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The Hobbit: The Desolation of Smaug Movie Review

hobbit-desolation-of-smaugI have to eat my words here. In my review of The Hobbit: An Unexpected Journey (which I loved) I said I didn’t care how much they milked the Lord of the Rings franchise. Well I take it back! You’ve milked enough! No more milk for you – I’m cutting you off.

It’s difficult being the middle child in a film trilogy, and Desolation for me felt like a really long set up for Battle of Five Armies. It doesn’t resolve anything by the end, saving it for the next movie, which left me feeling unsatisfied. I have read the book so I feel they could have reached a resolution here whilst still having a cliffhanger and plenty of conflict left for the finale. This would have made it feel more like a complete and satisfying movie in and of itself.


Since the source material is so short and stretched out across 3 long movies filler is to be expected. In this case the filler was mostly action, which as far as padding goes is exciting padding at least. Or is it? The problem I found was that there was no sense of peril for the characters. This is not merely because we know Bilbo and Legolas survive but because they keep doing things to the heroes that really should kill them (I mean really, they ought to be dead) and the characters just get up and walk it off! This makes it feel like a video game and lets face it, video games are mainly fun because you’re playing them – they ain’t that fun to watch, even if the camera angle does swing around wildly. Wait… especially if the camera angle swings around wildly.

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Why is Legolas in here again? Besides fan service I mean? More padding, sure, but would the movie lose anything at all if he wasn’t there? I don’t think so. And following Tauriel around like some love-sick puppy doesn’t do his character any favours (or hers for that matter). Once again you have him performing ridiculous stunts. In LOTR at least these were isolated and occasional, but here it added furthur weight to my sense of disbelief. Sorry Legolas – you are too perfect to be real.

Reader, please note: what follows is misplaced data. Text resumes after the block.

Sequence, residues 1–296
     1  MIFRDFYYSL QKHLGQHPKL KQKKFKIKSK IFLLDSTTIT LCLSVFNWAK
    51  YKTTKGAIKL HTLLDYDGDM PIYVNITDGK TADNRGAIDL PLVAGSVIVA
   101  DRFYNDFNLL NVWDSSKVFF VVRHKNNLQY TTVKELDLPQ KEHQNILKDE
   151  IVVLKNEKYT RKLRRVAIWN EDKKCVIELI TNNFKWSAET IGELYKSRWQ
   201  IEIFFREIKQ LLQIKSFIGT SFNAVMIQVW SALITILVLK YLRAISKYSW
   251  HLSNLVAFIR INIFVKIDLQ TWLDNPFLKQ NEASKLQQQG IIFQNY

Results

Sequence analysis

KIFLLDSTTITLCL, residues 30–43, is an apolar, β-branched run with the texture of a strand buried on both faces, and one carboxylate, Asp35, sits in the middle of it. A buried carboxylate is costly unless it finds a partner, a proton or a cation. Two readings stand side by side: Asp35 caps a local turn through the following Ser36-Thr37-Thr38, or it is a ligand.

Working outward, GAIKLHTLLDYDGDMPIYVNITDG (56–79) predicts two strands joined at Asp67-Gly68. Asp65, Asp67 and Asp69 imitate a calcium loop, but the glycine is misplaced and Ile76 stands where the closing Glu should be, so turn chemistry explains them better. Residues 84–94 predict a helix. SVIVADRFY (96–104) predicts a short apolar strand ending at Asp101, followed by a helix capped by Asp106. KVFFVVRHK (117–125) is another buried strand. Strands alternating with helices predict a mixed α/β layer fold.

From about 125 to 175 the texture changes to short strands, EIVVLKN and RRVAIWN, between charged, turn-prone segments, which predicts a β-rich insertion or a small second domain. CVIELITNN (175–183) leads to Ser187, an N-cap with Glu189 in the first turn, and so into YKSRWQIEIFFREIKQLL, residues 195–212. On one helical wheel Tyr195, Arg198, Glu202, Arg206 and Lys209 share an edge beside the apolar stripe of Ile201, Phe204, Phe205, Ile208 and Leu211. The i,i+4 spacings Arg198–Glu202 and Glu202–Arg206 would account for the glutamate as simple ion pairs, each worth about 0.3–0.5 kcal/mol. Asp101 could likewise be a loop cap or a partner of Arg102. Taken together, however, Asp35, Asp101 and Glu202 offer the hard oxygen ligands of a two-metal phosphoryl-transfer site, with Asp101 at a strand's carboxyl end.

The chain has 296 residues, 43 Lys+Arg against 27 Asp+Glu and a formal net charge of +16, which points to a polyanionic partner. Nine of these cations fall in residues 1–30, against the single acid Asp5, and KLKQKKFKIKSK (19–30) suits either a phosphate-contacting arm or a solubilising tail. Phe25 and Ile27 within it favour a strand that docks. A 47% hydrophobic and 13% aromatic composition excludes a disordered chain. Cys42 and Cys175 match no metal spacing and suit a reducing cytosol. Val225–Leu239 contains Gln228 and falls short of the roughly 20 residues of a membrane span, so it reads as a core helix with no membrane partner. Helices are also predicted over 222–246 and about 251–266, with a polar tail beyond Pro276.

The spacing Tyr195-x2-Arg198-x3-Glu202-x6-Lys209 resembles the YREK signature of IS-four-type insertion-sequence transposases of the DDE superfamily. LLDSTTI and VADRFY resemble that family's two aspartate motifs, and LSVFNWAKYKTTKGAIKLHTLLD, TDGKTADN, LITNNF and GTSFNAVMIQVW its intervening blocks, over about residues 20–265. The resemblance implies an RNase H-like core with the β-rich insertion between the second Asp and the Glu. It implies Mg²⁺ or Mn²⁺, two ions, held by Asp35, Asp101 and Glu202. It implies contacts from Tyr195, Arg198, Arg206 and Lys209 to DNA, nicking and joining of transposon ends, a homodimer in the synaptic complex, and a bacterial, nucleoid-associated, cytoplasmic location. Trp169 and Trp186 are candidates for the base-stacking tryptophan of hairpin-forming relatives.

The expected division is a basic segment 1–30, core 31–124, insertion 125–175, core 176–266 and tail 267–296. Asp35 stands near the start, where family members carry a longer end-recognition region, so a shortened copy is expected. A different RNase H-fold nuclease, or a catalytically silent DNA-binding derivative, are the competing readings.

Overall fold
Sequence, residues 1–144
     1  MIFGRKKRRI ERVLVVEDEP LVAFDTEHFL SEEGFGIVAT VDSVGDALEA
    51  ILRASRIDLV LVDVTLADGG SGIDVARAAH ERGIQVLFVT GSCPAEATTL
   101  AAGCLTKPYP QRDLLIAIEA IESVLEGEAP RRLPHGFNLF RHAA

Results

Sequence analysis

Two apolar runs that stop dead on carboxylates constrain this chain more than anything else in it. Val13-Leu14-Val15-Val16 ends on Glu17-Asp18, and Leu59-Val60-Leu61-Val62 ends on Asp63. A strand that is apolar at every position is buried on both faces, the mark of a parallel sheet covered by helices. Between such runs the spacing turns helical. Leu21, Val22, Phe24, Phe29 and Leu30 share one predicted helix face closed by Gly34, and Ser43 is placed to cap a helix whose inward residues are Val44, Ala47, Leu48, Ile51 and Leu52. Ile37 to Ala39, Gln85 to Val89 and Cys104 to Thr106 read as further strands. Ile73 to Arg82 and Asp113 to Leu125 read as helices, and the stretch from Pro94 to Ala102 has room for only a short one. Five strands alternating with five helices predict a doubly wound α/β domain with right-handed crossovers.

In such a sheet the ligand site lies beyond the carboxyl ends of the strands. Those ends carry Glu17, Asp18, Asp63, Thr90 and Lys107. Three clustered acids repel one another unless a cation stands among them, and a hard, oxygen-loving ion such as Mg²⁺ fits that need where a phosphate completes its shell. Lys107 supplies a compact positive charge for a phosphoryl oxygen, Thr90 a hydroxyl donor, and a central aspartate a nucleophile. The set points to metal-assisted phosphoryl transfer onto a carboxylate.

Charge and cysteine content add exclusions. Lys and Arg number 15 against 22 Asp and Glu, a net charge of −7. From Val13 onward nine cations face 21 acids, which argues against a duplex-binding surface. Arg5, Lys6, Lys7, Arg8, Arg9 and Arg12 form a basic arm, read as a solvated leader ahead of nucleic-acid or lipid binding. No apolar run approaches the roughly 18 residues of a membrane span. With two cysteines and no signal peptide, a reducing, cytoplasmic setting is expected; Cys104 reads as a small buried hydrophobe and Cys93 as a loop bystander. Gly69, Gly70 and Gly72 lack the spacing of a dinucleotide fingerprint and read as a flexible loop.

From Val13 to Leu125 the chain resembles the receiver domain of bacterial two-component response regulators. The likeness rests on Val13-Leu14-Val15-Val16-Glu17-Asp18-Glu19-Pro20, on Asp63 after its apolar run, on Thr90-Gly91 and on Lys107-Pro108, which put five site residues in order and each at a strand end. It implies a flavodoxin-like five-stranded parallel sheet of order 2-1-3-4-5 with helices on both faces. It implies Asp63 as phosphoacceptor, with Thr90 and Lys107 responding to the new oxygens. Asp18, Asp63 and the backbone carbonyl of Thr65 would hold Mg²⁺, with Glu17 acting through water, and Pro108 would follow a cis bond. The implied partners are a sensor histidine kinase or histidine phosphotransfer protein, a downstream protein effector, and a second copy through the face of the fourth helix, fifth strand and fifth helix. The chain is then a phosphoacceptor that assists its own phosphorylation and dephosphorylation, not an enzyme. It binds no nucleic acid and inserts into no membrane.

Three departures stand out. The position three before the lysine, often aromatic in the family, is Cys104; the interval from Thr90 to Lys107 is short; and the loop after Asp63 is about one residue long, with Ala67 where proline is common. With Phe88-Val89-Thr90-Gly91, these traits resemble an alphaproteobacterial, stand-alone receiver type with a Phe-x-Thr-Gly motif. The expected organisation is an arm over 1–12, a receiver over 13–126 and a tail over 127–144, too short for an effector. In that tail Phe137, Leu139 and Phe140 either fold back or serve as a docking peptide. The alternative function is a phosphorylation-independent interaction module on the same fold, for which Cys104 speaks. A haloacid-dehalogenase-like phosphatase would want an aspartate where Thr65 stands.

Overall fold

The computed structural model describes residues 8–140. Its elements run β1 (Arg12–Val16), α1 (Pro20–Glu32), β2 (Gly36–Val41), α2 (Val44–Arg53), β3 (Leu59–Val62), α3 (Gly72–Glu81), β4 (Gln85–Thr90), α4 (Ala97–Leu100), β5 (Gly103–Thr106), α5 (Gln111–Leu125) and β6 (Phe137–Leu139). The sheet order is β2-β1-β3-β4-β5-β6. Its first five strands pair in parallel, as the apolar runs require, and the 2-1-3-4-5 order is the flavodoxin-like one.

Why did they not spend time actually building a relationship between Kili and Tauriel instead, so that the love story actually made sense? As it stands it’s unbelievably shallow. Tauriel loves Kili because… he’s hot? (And less dwarfy looking than the other dwarves for whatever reason.) Does his beard release a pheromone? Personally I’m betting that stone thingy really did have a curse on it. Yeah, I’m going with Dwarven witchcraft! (If they make that cannon it explains Legolas’s mistrust of dwarves). I can’t help thinking that the real reason they did not think about her character motivation was because Tauriel herself was supposed to be character motivation: for Legolas. She doesn’t really matter; she is just an excuse to get Legolas involved with the dwarves, a pretty love interest to run after them so that he, in turn, can chase after her.


I’m not going to lie; I loved the reveal of Smaug and think they did an excellent job with the Dragon’s design, animations and voice acting. The scene where Smaug and Bilbo face-off is the high point of the film with both Benedict Cumberbatch and Martin Freeman bringing their A-game. Imagine what the movie would have been like if they had focused more on the title character, Bilbo, throughout? Freeman certainly has the ability to handle such focus, and it would be true to the original, but this version rather sidelines Bilbo in favour of Thorin and Legolas (the more traditional heroes). Sadly, this misses the charm of The Hobbit, which is that Bilbo isn’t a traditional hero, he’s more of an everyman, and as such we the audience can relate to him. When he faces the dragon it’s an awesome moment because he’s obviously afraid of it but he doesn’t let his fear get the better of him.


Of course we had to have a preposterous gamified boss-fight, but as far as those go it was pretty good. (I’m resigned to the silliness now). SPOILER: Unfortunately it makes Smaug look less than impressive. He can’t hit anybody with his breath weapon and when he gets a chance to swallow whole he muffs it. At the end it seems he’s retreating to hide his embarrassment. In the books he traps the dwarves in a cave in. In this they hide behind pillars the dragon should be able to easily topple. And not only do furnaces not work that way but whoever thought fighting a dragon with molten gold – when it’s fire-resistant and you’re not – was a good idea?

In conclusion: for the love of God please stop milking this Peter Jackson! Tolkien is not your Fan Fic, nor is a movie a computer game and you would do well to remember it. It was badly done, Jackson, badly done, indeed!


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